What is consumer privacy?

How privacy is a one-way ratchet.
In this essay for a lecture at Stanford University, I attempt to explain consumer privacy as a deterrence theory strategy.I argue that privacy does have methods of analysis, based in fair information practices, while popular use of the term “privacy” is loose, a shibboleth representing uncertain values.

This wide-ranging essay then goes on to explain how privacy is a rational strategy based in deterrence theory concepts. This is because giving companies data and attention transfers power to companies. The consumer becomes vulnerable to a class of adversaries with mixed, changing, and even unknowable motives. Data and attention enables companies to shape our interests, tastes, and activities. In some cases, this shaping is cooperative but in others, companies are in competition with consumers’ interests (most obviously when that shaping stokes insecurities, addiction, or encourages other irrational behavior). I tie this interest in shaping to the creation of audiences, and show how platforms’ incentives are to create user groups comprised of miserable people—the kind of people who scroll and click all day.

Platforms have high power incentives to recognize [people vulnerable to extremism] and then to turn them into engaged platform users. Understood this way, our struggles with disinformation, both left- and right- wing, can be seen as a symptom of business competition for attention.

The Web really is just television.

Prediction is the other risk that drives privacy concern. We might want others to predict our greatest needs and wants. But upon inspection, that’s only the case when others care for you. As Zuboff points out, platforms don’t care for one’s welfare. They are indifferent to our situation, so long as it involves eyeballs on their site. This is why YouTube is a cesspool—YouTube lacks incentives to clean up its platform because there is an audience for any kind of terrible content. Platforms can monetize disinformation about vaccines or videos that challenge your children to see how long they choke themselves or terrorist recruitment material. They make money based on how much you watch rather than what you watch.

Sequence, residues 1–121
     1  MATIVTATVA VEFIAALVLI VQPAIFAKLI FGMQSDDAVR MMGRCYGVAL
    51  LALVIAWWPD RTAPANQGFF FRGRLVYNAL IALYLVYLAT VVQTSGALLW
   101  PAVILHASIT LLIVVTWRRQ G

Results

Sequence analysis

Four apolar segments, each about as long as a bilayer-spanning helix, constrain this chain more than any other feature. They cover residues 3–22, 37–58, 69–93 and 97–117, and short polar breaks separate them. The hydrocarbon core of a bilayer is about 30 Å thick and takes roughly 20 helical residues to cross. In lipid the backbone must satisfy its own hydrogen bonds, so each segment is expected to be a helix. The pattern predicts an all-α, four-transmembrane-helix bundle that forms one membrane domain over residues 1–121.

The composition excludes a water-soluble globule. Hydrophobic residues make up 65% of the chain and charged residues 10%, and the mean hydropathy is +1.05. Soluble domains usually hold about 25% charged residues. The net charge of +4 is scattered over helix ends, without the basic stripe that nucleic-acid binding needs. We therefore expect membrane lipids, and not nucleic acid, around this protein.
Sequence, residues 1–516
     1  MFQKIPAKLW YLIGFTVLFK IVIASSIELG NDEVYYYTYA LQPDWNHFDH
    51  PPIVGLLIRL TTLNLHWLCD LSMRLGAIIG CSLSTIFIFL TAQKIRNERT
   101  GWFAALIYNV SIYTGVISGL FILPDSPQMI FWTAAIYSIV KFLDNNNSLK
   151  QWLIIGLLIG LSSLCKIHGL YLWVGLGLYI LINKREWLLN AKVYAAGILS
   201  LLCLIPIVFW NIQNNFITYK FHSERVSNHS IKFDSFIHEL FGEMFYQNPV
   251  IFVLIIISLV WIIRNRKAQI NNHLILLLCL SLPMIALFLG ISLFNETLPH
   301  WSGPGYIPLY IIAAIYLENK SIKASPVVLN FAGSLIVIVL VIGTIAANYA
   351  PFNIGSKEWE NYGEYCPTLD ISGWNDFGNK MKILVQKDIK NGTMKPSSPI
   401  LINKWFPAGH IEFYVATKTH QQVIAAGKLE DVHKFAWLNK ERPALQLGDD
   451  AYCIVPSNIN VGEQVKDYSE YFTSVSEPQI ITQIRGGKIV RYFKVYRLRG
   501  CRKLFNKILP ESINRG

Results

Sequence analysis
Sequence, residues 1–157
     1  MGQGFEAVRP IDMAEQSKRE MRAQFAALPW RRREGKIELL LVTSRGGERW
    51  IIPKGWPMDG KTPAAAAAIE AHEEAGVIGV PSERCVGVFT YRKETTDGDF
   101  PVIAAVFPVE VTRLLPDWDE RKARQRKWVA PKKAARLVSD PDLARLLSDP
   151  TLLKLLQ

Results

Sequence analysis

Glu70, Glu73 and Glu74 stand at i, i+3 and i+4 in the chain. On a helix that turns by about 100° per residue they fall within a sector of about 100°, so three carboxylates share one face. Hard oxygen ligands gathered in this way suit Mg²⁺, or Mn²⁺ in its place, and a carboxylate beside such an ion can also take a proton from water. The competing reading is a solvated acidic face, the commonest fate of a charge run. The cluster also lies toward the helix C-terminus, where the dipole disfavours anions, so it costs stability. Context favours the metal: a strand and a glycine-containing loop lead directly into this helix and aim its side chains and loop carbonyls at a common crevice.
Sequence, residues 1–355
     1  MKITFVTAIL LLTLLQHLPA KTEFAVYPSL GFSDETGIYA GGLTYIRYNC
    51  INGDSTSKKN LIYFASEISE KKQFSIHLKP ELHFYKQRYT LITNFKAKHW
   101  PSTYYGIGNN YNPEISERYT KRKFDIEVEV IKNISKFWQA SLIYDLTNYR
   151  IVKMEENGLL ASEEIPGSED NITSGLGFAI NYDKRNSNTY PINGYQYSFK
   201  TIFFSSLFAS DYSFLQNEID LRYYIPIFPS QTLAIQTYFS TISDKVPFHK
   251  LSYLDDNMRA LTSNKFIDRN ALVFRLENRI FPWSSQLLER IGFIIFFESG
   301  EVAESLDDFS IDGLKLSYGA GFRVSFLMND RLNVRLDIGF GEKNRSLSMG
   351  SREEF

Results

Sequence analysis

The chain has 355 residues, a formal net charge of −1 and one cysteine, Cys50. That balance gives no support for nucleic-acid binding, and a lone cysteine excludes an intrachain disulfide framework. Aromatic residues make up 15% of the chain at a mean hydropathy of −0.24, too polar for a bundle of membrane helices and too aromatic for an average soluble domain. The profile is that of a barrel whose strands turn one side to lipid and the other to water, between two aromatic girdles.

Another theme surrounds the normative values of technology executives. I recount how Scott McNealy’s “you have no privacy” statement was descriptive—he was recounting what he believed to be the state of play given the rise of a Database Nation. But by the time Google becomes dominant, the statement became  platforms’ normative commitment about privacy. My proof of this comes from the wealth of research that shows that technology executives know that consumers want less tracking, and so they lie or dissemble to distract the consumer from technological realities—even degrading the security of systems in order to keep up user surveillance. What Zuboff calls the “hiding strategy” comes from executives who think consumers do not deserve privacy, so it is okay to lie to consumers.

Technology executives see nothing wrong with the the logic of complete surveillance and the need to hide it from consumers. Why? Because technology executives do not see privacy as a legitimate interest. Remember Scott McNealy’s point was descriptive and now it is normative. Companies do not think you deserve privacy.

How executive strategy on privacy has changed to a “collect it all” mentality—and why it is okay to lie to consumers about it.